in the transcoder_options.

``` ruby
movie ="path/to/")

transcoder_options = { input_options: { framerate: '1/5' } }
movie.transcode("movie.mp4", {}, transcoder_options)

# FFMPEG Command will look like this:
# ffmpeg -y -framerate 1/5 -i path/to/ movie.mp4

### Overriding the Input Path

If FFMPEG's input path needs to specify a sequence of files, rather than a path to a single movie, transcoding_options
`input` can be set. If this option is present, the path of the original movie will not be used.

``` ruby
movie ="path/to/")

transcoder_options = { input: 'img_%03d.png' }
movie.transcode("movie.mp4", {}, transcoder_options)

# FFMPEG Command will look like this:
# ffmpeg -y -i img_%03d.png movie.mp4

### Watermarking

Add watermark image on the video.

For example, you want to add a watermark on the video at right top corner with 10px padding.

``` ruby
options = {
  watermark: "full_path_of_watermark.png", resolution: "640x360",
  watermark_filter: { position: "RT", padding_x: 10, padding_y: 10 }

Position can be "LT" (Left Top Corner), "RT" (Right Top Corner), "LB" (Left Bottom Corner), "RB" (Right Bottom Corner).
The watermark will not appear unless `watermark_options` specifies the position. `padding_x` and `padding_y` default to

### Taking Screenshots

You can use the screenshot method to make taking screenshots a bit simpler.

``` ruby

The screenshot method has the very same API as transcode so the same options will work.

``` ruby
movie.screenshot("screenshot.bmp", seek_time: 5, resolution: '320x240')

To generate multiple screenshots in a single pass, specify `vframes` and a wildcard filename. Make
sure to disable output file validation. The following code generates up to 20 screenshots every 10 seconds:

``` ruby
movie.screenshot("screenshot_%d.jpg", { vframes: 20, frame_rate: '1/6' }, validate: false)

To specify the quality when generating compressed screenshots (.jpg), use `quality` which specifies
ffmpeg `-v:q` option. Quality is an integer between 1 and 31, where lower is better quality:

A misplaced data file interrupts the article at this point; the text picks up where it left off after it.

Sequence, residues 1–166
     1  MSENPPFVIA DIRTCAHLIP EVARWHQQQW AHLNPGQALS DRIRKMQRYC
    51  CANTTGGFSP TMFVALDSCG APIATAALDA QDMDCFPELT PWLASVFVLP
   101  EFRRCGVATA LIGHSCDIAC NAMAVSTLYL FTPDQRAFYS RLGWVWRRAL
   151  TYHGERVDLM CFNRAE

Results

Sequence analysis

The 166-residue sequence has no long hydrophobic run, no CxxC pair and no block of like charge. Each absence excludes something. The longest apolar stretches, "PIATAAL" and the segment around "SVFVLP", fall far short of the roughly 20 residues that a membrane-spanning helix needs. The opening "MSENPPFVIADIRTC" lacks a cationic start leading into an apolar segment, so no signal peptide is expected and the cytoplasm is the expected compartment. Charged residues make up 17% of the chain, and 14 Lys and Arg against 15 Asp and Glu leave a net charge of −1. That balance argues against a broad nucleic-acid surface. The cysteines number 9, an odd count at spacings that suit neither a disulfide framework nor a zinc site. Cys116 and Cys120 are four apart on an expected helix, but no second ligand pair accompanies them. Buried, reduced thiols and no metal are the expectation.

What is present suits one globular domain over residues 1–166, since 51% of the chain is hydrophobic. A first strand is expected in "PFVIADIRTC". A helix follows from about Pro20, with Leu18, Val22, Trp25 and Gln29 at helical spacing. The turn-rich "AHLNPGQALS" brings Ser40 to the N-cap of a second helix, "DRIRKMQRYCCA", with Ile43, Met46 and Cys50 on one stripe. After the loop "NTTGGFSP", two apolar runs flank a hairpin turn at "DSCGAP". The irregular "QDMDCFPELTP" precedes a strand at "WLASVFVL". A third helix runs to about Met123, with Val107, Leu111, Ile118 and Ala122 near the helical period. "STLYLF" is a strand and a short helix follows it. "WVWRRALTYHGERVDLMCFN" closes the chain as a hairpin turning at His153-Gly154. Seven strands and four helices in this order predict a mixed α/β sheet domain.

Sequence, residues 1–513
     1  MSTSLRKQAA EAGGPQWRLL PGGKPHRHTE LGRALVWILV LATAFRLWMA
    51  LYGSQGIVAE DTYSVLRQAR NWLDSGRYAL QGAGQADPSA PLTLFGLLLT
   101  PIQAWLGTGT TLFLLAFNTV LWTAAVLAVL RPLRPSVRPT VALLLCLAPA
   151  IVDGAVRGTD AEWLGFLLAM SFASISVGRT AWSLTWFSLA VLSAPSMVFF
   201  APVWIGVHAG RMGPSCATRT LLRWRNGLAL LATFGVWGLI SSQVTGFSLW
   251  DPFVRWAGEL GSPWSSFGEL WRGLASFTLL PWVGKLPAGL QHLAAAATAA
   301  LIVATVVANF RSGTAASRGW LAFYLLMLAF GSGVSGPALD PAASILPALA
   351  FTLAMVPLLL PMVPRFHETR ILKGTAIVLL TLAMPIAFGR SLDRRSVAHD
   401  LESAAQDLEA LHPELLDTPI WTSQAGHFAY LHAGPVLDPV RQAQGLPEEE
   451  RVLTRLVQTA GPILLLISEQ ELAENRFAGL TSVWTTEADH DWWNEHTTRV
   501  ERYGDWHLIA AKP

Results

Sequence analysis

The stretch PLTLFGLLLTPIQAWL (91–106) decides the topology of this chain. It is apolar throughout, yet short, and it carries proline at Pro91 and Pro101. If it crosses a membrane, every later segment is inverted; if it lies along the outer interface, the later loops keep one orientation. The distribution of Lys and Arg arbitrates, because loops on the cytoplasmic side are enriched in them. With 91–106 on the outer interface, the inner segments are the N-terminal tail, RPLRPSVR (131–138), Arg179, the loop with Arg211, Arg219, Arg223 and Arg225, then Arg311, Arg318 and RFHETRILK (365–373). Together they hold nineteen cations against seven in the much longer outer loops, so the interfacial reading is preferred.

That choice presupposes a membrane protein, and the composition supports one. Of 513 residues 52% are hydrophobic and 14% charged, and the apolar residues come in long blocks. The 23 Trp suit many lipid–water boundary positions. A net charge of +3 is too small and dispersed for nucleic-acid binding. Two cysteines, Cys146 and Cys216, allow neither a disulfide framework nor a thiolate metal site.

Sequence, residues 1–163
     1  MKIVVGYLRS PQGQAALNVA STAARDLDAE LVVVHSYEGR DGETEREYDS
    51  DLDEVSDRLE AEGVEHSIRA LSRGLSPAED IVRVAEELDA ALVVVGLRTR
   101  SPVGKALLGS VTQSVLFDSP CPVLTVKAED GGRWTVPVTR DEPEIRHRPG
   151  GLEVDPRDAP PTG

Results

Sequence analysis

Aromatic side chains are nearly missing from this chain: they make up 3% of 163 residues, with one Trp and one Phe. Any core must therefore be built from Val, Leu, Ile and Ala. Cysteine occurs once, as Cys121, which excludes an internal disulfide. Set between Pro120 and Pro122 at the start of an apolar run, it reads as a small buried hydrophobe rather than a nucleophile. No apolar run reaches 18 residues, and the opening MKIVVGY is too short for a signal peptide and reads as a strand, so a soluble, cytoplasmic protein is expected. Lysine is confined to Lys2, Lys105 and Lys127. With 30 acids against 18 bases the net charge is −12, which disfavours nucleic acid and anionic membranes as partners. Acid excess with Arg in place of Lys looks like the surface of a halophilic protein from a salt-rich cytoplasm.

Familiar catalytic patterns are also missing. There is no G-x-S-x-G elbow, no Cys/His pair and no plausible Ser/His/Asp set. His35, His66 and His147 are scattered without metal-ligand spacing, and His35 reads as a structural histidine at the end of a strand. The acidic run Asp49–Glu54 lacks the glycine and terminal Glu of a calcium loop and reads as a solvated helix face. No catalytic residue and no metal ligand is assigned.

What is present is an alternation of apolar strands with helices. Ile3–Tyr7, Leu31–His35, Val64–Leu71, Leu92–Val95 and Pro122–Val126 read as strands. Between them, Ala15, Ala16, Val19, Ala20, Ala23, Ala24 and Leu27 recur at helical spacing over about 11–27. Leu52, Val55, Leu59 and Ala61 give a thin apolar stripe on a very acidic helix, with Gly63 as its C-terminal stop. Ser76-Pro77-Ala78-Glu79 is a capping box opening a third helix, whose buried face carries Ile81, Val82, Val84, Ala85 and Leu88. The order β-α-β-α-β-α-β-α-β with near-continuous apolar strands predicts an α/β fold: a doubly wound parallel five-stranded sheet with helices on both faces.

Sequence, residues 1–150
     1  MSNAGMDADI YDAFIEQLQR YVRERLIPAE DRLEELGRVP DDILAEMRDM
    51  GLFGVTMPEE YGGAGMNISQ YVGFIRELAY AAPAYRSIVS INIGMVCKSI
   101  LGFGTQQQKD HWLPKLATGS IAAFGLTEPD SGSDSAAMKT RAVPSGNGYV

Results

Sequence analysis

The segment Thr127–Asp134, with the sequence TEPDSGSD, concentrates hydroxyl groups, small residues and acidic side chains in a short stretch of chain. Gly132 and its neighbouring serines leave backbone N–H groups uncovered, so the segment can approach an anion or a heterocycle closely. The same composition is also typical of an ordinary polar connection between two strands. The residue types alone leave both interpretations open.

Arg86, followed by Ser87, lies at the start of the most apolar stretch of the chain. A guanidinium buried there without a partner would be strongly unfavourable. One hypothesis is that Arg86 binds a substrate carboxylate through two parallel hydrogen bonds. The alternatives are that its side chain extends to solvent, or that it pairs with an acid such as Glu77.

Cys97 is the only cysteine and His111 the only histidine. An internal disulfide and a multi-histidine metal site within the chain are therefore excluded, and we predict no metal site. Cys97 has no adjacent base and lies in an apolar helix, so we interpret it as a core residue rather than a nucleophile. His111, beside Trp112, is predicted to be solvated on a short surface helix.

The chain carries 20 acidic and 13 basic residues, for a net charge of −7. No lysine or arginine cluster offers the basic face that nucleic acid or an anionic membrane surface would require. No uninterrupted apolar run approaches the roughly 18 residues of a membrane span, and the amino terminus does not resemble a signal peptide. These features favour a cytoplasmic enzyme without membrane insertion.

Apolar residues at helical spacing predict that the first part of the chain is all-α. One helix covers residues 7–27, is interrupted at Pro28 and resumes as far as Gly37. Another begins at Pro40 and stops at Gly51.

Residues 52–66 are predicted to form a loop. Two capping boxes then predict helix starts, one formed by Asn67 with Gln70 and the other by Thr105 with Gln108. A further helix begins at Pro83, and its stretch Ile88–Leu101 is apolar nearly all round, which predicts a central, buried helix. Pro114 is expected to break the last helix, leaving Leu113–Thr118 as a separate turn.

``` ruby
movie.screenshot("screenshot_%d.jpg", quality: 3)

You can preserve aspect ratio the same way as when using transcode.

``` ruby
movie.screenshot("screenshot.png", { seek_time: 2, resolution: '200x120' }, preserve_aspect_ratio: :width)

### Create a Slideshow from Stills
Creating a slideshow from stills uses named sequences of files and stiches the result together in a slideshow

Since there is not movie to transcode, the Transcoder class needs to be used. The input and input_options are
provided through transcoder options.

``` ruby
slideshow_transcoder =
  { resolution: "320x240" },
  input: 'img_%03d.jpeg',
  input_options: { framerate: '1/5' }

slideshow =

Specify the path to ffmpeg

By default, the gem assumes that the ffmpeg binary is available in the execution path and named ffmpeg and so will run commands that look something like `ffmpeg -i /path/to/input.file ...`. Use the FFMPEG.ffmpeg_binary setter to specify the full path to the binary if necessary:

``` ruby
FFMPEG.ffmpeg_binary = '/usr/local/bin/ffmpeg'

This will cause the same command to run as `/usr/local/bin/ffmpeg -i /path/to/input.file ...` instead.

Automatically kill hung processes

By default, the gem will wait for 30 seconds between IO feedback from the FFMPEG process. After which an error is logged and the process killed.
It is possible to modify this behaviour by setting a new default:

``` ruby
# Change the timeout
Transcoder.timeout = 10

# Disable the timeout altogether
Transcoder.timeout = false

Disabling output file validation

By default Transcoder validates the output file, in case you use FFMPEG for HLS
format that creates multiple outputs you can disable the validation by passing
`validate: false` to transcoder_options.

Note that transcode will not return the encoded movie object in this case since
attempting to open a (possibly) invalid output file might result in an error being raised.

transcoder_options = { validate: false }
movie.transcode("movie.mp4", options, transcoder_options) # returns nil


Copyright (c) Streamio AB. See LICENSE for details.